How Many Friends Does One Person Need?
Dunbar'S Number and Other Evolutionary Quirks
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|Format: ||Hardback, 304 pages|
|Published In: ||United Kingdom, 04 February 2010|
Why do men talk, women gossip, and which is better for you? When is it good to be tall and why is monogamy a drain on the brain? And why should you suspect someone who has more than 150 friends on Facebook?We are the product of our evolutionary history and this history colours our everyday lives - from why we kiss to how religious we are. In How Many Friends Does One Person Need? Robin Dunbar explains how the distant past underpins our current behaviour, through the groundbreaking experiments that have changed the thinking of evolutionary biologists forever. He explains phenomena such as why 'Dunbar's Number' (150) is the maximum number of acquaintances you can have, why all babies are born premature and the science behind lonely hearts columns. Stimulating, provocative and highly enjoyable, this fascinating book is essential for understanding why humans behave as they do - what it is to be human.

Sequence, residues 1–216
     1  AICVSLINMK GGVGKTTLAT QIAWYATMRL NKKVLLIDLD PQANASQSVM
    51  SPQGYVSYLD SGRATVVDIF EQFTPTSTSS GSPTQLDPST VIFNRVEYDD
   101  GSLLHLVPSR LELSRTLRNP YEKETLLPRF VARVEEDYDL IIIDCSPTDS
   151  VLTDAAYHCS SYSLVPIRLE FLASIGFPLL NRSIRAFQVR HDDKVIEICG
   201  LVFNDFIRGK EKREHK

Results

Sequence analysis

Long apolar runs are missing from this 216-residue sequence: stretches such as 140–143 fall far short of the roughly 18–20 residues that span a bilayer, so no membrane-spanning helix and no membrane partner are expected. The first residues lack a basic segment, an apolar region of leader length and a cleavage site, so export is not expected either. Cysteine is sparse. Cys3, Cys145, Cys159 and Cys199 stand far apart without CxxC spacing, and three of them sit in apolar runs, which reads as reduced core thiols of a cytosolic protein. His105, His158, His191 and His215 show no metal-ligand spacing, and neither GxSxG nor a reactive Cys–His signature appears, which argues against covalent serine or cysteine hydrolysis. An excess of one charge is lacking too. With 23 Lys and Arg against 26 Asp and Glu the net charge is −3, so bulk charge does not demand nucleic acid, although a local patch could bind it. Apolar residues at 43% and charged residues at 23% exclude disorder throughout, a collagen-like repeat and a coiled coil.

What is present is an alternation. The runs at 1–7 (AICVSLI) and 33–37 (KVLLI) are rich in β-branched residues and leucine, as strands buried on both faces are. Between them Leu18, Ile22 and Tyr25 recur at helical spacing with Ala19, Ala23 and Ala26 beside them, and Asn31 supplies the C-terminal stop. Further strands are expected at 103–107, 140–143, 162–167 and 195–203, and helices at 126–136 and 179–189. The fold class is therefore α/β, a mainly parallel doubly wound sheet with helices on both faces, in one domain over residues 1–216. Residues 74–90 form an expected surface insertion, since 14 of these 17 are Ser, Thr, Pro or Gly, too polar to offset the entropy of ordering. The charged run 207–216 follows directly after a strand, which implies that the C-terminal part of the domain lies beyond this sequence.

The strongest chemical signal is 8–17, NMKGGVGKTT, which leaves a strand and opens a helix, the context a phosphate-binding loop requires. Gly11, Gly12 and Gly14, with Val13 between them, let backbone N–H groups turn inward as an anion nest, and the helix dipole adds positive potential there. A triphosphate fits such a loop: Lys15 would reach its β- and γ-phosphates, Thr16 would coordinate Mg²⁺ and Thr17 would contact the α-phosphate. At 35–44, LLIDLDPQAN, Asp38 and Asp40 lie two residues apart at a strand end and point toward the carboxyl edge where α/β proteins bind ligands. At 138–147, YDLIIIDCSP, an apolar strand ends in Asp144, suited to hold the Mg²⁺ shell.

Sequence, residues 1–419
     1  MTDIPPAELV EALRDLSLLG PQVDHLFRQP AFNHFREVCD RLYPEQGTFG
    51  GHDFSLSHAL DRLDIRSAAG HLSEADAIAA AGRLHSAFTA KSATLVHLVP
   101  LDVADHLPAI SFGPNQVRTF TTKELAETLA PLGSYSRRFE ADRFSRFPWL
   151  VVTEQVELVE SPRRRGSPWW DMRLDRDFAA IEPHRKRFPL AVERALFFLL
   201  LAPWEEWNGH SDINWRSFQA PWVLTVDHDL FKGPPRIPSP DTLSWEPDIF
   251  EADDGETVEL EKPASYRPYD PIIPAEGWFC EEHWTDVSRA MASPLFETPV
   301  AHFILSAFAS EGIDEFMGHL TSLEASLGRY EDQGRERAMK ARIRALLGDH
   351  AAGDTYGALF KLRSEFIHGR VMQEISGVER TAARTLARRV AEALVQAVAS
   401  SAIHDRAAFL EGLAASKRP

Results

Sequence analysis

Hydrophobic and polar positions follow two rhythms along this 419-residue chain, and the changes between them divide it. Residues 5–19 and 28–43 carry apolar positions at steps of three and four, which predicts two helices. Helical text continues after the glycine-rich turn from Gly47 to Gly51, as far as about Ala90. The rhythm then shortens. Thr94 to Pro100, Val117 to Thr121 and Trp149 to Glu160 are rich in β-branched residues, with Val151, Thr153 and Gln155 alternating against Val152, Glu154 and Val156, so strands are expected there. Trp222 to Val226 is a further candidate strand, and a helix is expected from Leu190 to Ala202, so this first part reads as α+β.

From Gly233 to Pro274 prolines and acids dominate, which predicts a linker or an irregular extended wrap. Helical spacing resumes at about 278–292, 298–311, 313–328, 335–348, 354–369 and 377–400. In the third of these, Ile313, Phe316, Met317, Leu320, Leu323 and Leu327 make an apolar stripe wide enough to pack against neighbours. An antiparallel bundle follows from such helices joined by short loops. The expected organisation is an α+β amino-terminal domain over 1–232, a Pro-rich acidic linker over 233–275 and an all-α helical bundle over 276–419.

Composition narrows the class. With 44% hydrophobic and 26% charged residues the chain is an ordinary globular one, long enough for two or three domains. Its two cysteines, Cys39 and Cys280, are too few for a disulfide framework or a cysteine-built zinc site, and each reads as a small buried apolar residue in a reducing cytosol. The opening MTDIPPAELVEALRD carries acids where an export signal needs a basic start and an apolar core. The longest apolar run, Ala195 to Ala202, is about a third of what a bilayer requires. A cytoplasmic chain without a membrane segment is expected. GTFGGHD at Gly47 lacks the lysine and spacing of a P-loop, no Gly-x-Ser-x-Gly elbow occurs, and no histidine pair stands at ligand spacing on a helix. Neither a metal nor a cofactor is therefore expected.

How Many Friends Does One Person Need? by Robin Dunbar is a fascinating examination of human evolution, revealing why we gossip, how many Facebook friends we should have and how our distant past influences our current behaviour.
About the Author
Robin Dunbar is currently Professor of Evolutionary Anthropology at Oxford and a Fellow of Magdalen College. His principal research interest is the evolution of sociality. He was elected a Fellow of the British Academy in 1998. His books include The Trouble with Science (1995), 'an eloquent riposte to the anti-science lobby' (Sunday Times), and Grooming, Gossip and the Evolution of Language, praised as 'brilliantly original' and 'a delight to read' (Focus). His most recent book, The Human Story, (2004), was described as 'fizzing with recent research and new theories' in the Sunday Times and 'punchy and provocative' by the New Scientist.
Faber & Faber|
20.4 x 13.3 centimetres (0.38 kg)|
15+ years |